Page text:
Q: What is your new role at the Canadian space mining corporation (CSMC).
A: My specific title is the Executive Vice President of Strategy for the company. That’s the role that I’m starting to grow into. I’ve only really been at it for a couple of weeks. I’m learning about the company. They’re learning about me. The company is growing moderately quickly, gaining some traction, and support of the Canadian Space Agency. Some of the awards that they’ve won have been in support of the Canadian Space Agency. My job will be to help with strategy and making sure that the work that we plan to do in the future is important and meaningful and has a good likelihood of success. that’s where I’m at right now and hoping to just continue in that role and learn more as I learn more and more about the company, I think we’ll be able to grow the position and some of the opportunities in the years to come for CSMC.
Q: The OSIRIS-REx mission to return an asteroid sample is delivering its sample to earth this September is the CSMC involved in any of the sample processing that will go on?
A: We are not. I’m as excited as everybody else is to see what the samples look like, what the results are. I’m sure there’s going to be decades of scientific data coming out of the research and analysis that is being undertaken with that material. It’s very exciting. We are not part of that project but who knows what the future holds for any of us. It might help us understand better what some of the long-term strategy goals would be for a company like CSMC to go after materials in space.
Q: Does the CSMC plan to make use of any open-source material. There is Consensys Space or the Canadian CubeSat project, where the universities involved have released material online as open source.
A: At current we’re not working with open-source technologies and opportunities. CSMC is currently a private organization so that’s not a technology that we’re embracing, but we are attempting to work and integrate with universities and the different incubator hubs and organizations to help grow the company, grow concepts, bring in other partners that are working on novel ideas.
Q: Can you talk about the different projects that CSMC is pursuing?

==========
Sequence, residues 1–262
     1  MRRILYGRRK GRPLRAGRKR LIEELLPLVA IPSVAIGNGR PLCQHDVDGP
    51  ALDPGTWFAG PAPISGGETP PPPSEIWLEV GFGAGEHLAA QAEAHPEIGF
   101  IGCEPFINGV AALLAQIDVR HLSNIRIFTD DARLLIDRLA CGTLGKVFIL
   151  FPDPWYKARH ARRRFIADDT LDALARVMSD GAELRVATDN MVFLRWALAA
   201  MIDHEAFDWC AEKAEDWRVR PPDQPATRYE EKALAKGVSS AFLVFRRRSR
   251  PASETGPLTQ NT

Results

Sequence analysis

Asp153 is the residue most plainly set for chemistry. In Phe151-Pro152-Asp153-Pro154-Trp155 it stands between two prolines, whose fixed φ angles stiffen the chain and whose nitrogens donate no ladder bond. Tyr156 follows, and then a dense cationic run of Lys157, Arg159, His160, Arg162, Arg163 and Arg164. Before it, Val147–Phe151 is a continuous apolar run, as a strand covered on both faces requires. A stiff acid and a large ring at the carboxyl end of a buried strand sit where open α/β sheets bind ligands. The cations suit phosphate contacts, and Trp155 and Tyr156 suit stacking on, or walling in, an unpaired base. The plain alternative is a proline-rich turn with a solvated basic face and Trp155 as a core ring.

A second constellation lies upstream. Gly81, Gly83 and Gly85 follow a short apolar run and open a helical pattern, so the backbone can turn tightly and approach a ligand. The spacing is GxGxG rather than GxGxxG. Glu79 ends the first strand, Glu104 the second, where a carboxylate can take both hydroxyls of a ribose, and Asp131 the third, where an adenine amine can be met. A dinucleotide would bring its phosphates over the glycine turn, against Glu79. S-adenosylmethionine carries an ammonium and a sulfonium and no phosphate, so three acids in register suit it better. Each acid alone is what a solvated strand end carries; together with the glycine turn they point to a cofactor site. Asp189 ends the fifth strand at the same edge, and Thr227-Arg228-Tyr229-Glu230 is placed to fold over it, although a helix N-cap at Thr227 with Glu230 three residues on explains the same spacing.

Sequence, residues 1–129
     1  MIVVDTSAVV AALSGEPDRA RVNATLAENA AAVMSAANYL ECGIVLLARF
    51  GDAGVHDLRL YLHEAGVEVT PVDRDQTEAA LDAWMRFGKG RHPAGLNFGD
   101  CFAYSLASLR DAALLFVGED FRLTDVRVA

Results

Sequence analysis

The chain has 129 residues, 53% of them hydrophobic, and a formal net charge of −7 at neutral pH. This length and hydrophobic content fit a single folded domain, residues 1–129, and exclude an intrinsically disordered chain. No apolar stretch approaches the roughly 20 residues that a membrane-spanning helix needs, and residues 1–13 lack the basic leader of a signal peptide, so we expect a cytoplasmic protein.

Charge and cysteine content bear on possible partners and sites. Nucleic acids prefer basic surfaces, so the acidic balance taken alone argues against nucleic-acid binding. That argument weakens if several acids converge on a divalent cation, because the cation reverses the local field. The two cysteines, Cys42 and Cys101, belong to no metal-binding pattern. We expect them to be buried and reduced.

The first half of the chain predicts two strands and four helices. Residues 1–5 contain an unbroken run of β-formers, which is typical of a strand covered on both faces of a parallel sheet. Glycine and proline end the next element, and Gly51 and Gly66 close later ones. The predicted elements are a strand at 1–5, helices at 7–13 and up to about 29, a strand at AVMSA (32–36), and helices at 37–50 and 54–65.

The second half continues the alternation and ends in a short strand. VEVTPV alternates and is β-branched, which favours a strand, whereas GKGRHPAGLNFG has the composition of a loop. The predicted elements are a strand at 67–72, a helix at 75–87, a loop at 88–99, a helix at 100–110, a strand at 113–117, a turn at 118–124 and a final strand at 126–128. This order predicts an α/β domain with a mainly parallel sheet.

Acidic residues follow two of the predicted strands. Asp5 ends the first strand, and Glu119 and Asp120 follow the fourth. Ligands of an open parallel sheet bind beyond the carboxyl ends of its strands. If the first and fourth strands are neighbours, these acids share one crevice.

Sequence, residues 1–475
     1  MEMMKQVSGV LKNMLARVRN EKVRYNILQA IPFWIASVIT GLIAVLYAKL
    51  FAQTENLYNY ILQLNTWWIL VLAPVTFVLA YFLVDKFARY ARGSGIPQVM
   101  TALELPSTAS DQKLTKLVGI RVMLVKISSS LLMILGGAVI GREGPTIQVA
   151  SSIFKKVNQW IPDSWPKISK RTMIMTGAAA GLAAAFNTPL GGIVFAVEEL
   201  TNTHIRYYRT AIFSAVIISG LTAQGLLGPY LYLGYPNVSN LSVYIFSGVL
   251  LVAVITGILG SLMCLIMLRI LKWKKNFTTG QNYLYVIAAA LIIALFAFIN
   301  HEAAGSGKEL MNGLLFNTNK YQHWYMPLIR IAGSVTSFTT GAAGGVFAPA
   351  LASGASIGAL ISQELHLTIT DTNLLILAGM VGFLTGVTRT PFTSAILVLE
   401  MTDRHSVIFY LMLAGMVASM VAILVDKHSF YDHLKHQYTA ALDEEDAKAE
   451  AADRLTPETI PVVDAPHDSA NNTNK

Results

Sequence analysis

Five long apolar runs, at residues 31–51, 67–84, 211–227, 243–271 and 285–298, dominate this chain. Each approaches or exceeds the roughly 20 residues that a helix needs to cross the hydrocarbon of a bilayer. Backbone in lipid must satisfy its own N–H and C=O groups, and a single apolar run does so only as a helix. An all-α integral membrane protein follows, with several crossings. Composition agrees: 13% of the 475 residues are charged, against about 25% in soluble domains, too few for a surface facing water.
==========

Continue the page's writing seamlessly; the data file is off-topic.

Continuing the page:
A: There is near-term, mid-term, and long-term goals. Near term has already been kicked off which is the remote health, or what I sort of consider telehealth, assisted health with these prefab modules (Connected Care Capsules C3) that can contain health access systems in them. This is what we think of as a dual use technology. You could use it not only on earth in the northern territories, but potentially put it on the surface of a planet. That’s a great near-term goal, strategy, and vision for the company in a way to get off the ground, build a name for the ability of the company to produce actual hardware and components and deliver on contracts.
Then mid-term, LEUNR, which is around the concept of micro reactors and small modular reactors, based on heritage Canadian technology in the nuclear industry. the goal here being to provide low mass, volume, cost, low risk nuclear power sources that are going to be critical for work on the lunar surface and anywhere else that humans explore. To be able to have those power supplies available for long term, reliable power, but also potentially to use those in in remote communities where currently we’re relying on diesel generators and petroleum-based energy sources that cause problems with respect to particulates and pollution and carbon generation and carbon production into the atmosphere.
Finally, long-term, in situ resource utilization, looking at harvesting the frozen regolith of the moon in the shaded regions for oxygen, hydrogen, methane, other metals, and materials to be able to build infrastructure in space and have those resources available to us in space so that we don’t have to launch them off the planet and struggle with Earth’s gravity. That’s our biggest challenge and if we can create novel approaches to manufacturing and production in space, that are cost effective and align well with different business models, then I think that’s a capability we should be looking at. CSMC is really striving to create a leadership role for Canada to have a place in the world economy of space exploration to support those activities.
Q: That’s most of the questions, is there any closing remarks you would like to add?
A: Joining CSMC was a great opportunity to find a way to apply my skills and background to something that’s interested me for a long time. I look forward to the growth of the organization and the continued support and interest from the community in what we’re doing and CSMC representing Canada in the space exploration industry.